Kamchatka in the time of COVID19 – 20 March 2020
I keep meaning to blog, as I sit here on the Kamchatka Peninsula.
First, let me say that I am fine, I was planning to be here through April or May, I am staying in a small flat belonging to a friend, and we are still in snowy if not “deep” winter. More snow predicted tomorrow. My house in Seattle is being maintained/occupied by my neighbor’s family members. All is fine there. My own family members are fine, to date; I worry especially about my mom, going on 95.
This is the 4th winter in a row I have spent here on Kamchatka, starting with a Fulbright in 2017. I had spent two previous winters, 2000-2001 and 2009-2010. Suffice to say I love winter, but also we spend this time writing papers from our summers of field research. There are a number of prior blogs about life here, especially during my Fulbright visit in 2017, e.g. Meet some Kamchatka geoscientists and earlier blogs. Meanwhile, this year...
I left Seattle, now a coronavirus epicenter, on 15 January 2020, when flights from China were being routed to specific airports (if I recall correctly), and before the Diamond Princess became a new vector of the disease. I didn’t think twice about flying to Key West to visit my sister, Time during which we participated in the Keys Women's March. I was on my way to visit Costa Rica with friends, organized by Byron Adams. and guided by Fabian Monge.
|In Costa Rica, our first night|
|My grand nieces, master skiers|
From Costa Rica, in early February, I flew to Boston to visit (in Framingham) and ski (in Vermont) with my niece’s family. Meanwhile, the first confirmed case of COVID-19 in the U.S. was announced by WA state on 21 January 2020.
On 16 February I flew Boston-JFK-Moscow (SVO) (Aeroflot), arriving on 17 February, sleeping overnight at the airport, visited by my friend and colleague Vera. Departing 18 February, I flew from Moscow to Petropavlovsk-Kamchatsky (Aeroflot), arriving 19 February. My primary host Tanya was ill with a cold virus and self-quarantining, so Andrei met me at the airport. I was myself beginning to get a cold (sore throat stage), so my first week on Kamchatka was low-key. Tanya and I took some winter walks and skied at least once, just along snowmobile trails, x-country.
By mid-February, it was clear that the world was changing quickly. I have followed the news and especially what’s happening in my home King County and at the University of Washington, where I maintain an office as a retired professor. Yesterday UW announced the death of a professor. Not someone I knew, but the first death to hit me more specifically. I have friends and colleagues in many countries, including Italy and other European nations that are being hit hard, and in Asia.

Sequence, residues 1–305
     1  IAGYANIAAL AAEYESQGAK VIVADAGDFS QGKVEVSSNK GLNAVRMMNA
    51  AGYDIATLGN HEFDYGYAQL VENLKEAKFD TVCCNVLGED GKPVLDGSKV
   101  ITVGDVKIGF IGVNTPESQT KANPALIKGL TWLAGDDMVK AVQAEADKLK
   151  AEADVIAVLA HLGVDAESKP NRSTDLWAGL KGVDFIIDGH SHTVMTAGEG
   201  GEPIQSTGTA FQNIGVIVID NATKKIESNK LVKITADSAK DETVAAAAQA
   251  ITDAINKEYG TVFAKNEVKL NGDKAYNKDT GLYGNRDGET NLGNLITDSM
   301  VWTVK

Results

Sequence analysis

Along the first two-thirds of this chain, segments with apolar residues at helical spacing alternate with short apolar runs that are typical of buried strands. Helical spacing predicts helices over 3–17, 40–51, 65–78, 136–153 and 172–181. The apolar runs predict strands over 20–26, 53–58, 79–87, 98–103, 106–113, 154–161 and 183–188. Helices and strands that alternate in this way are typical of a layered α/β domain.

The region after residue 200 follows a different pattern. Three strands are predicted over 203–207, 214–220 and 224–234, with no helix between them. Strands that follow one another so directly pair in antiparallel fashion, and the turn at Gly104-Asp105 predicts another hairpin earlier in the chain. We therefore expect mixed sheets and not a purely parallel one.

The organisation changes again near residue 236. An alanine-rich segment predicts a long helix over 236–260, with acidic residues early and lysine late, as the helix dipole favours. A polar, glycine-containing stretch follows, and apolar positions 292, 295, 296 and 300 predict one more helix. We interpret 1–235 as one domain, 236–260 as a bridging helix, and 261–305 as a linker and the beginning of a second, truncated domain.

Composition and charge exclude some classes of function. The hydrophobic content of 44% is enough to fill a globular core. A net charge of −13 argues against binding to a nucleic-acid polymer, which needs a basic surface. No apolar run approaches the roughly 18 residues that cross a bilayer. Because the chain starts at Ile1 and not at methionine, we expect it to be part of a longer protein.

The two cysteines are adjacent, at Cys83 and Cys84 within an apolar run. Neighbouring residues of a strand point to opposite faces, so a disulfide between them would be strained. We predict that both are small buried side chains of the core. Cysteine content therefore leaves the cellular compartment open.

|Asia does not include Kamchatka! 19 Mar 20 https://www.nytimes.com/interactive/2020/world/coronavirus-maps.html|
|Europe does not include Russia! [let alone its Far East] 19 Mar 2020 https://www.nytimes.com/interactive/2020/world/coronavirus-maps.html|
Asia – I am geographically in Asia, but politically in Europe. What is happening in Russia, particularly the Russian “Far East” (Дальний Восток), where I am and plan to be? I can get by in Russian in the field and on the street (shopping, e.g.), but am by no means proficient in reading or understanding. So I rely on English-language news about Russia (both Russian and international in origin) and on my friends and colleagues telling me the news. For example, yesterday Tanya told me the Institute where we work (Institute of Volcanology and Seismology, Far East Branch, Russian Academy of Sciences) has started to implement preventative measures for COVID19.
This blog is getting long, so I will break, and later talk about what we are doing in general, and with regard to COVID19, which is not known to have arrived here yet. I wanted to share maps of COVID19 to show just how “un-affiliated” the Russian Far East seems to be – neither Europe, nor Asia. So I need to find Russia-specific places for maps of the virus’ spread in Russia.